By not allowing yourself to change your mind, you will take those four little words (“say what you mean”) very seriously. If you commit to following through on every word you say, you will quickly realize that there is nothing worse than having to follow through on an instruction you regret giving in the first place.

Mean what you say
This is the second component of consistent parenting. By meaning what you say, you follow through. You take your own words seriously. You discourage your spouse from allowing a freedom you previously said no to. Or if you previously decided to allow your child an unexpected freedom, you don’t take it away just because common sense suddenly got the better of you.

“There is no better way to teach a child not to obey than to give him instructions that you have no intention of enforcing. A child quickly learns the habit of disregarding his parents’ instruction. This habit may become so strong and contempt for instruction so confirmed, that all threats will go unheeded,” (p. 126, Growing Kids God’s Way, 5th edition).

Not meaning what you say could look like this:

  • You let your child ride his bike in the street after you told him to stay on the sidewalk. You think, what’s the harm just this one time?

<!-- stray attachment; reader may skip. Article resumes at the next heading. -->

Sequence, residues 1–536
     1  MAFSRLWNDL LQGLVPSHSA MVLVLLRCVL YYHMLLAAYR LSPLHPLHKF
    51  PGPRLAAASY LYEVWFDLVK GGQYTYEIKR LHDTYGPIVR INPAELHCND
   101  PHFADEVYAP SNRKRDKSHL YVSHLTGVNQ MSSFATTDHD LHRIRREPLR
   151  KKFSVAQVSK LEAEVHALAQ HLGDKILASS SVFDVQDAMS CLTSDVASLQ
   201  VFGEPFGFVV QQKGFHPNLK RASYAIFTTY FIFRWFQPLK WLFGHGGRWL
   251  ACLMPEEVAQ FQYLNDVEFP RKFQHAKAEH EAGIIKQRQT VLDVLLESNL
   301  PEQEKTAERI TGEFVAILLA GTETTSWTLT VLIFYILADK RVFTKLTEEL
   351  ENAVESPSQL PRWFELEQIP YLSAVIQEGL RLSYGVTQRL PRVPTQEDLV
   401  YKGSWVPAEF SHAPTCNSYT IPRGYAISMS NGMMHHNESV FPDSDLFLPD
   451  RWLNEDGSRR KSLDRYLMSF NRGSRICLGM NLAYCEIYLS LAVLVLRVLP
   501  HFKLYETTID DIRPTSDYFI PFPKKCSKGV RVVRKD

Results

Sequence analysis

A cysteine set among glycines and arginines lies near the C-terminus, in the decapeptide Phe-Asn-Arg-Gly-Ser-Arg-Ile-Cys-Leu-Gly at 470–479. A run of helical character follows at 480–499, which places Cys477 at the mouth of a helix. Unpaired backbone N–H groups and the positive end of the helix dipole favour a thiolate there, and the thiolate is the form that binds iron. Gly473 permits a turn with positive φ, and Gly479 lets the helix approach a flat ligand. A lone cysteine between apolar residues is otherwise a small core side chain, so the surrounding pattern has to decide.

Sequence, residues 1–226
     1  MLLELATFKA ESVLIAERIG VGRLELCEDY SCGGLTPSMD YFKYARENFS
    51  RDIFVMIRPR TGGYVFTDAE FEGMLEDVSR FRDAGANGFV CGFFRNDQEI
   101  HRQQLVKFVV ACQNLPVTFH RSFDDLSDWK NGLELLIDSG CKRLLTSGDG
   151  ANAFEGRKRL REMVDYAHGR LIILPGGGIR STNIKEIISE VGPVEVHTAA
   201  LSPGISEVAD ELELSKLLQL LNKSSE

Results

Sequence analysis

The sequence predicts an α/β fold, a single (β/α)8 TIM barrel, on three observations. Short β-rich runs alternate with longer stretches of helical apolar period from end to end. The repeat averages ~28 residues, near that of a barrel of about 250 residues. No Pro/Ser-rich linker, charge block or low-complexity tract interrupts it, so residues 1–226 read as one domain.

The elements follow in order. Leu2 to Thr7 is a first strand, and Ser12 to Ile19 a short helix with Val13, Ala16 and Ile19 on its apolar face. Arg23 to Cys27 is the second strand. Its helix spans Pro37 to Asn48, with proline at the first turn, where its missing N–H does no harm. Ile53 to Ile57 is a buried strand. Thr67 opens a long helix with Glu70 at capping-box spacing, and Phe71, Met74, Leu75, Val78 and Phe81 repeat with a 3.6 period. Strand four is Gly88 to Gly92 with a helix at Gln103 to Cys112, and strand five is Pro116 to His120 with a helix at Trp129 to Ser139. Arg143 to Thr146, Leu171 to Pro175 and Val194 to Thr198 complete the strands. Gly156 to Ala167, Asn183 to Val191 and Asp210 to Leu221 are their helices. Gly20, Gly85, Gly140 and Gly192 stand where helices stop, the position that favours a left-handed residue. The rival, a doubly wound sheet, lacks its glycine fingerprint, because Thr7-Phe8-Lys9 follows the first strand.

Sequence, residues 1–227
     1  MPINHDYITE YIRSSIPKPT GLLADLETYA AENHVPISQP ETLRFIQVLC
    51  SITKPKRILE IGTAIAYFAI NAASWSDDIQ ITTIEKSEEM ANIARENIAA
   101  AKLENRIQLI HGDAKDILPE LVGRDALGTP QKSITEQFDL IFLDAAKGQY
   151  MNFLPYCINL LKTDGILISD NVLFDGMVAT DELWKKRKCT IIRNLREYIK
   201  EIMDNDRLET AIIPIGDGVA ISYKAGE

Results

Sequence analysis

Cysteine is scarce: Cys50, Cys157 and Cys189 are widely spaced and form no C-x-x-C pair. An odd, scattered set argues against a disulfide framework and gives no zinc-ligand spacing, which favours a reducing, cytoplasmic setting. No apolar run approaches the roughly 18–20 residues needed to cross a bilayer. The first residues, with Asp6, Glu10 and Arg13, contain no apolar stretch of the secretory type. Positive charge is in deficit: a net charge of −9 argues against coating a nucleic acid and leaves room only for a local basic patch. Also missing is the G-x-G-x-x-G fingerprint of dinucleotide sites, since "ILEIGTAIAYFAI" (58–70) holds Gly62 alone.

• It’s 20 minutes past your child’s bedtime and you ask him if he wants to go to bed.
  • You don’t buy your child a cupcake after you previously agreed to the idea. Earlier you thought, why not? Now you think, no way.
  • You allow your toddler to climb the stairs by himself after your spouse has told him not to.
  • You tell your school-age child he is responsible for remembering his lunch and then bring it to him when he forgets.

When we don’t follow through, we cause confusion in the mind of the child. This confusion leads to pleading, negotiating and other verbal freedoms that your child will exhibit because he thinks he can change your mind. What’s worse, your child will begin to disrespect you for your lack of resolve.

Our children simply want to know what we expect of them. They want to know what the rules of the game are so they can play fairly. Lay out those rules for them clearly and consistently and they will comply.

The good news is that your child will have no problem with this principle. The onus with this one lies squarely on the parents’ shoulders. The bad news is that it is difficult to apply with 100% consistency. “Usually it is only mom and dad who struggle with it, because it calls parents to consistency. Children will rise to whatever level of parental resolve is present,” (p. 120-121, On Becoming Childwise).

Continually remind yourself of the importance of this principle. The more practice you get, the easier it will be. If your child tends to ignore you or whines and negotiates when you give an answer or instruction, start applying just this principle. This alone will change the way your child views your parental authority. Give it your all, and you will see results in a few short days.

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Filed under first-time obedience, moral training, prevention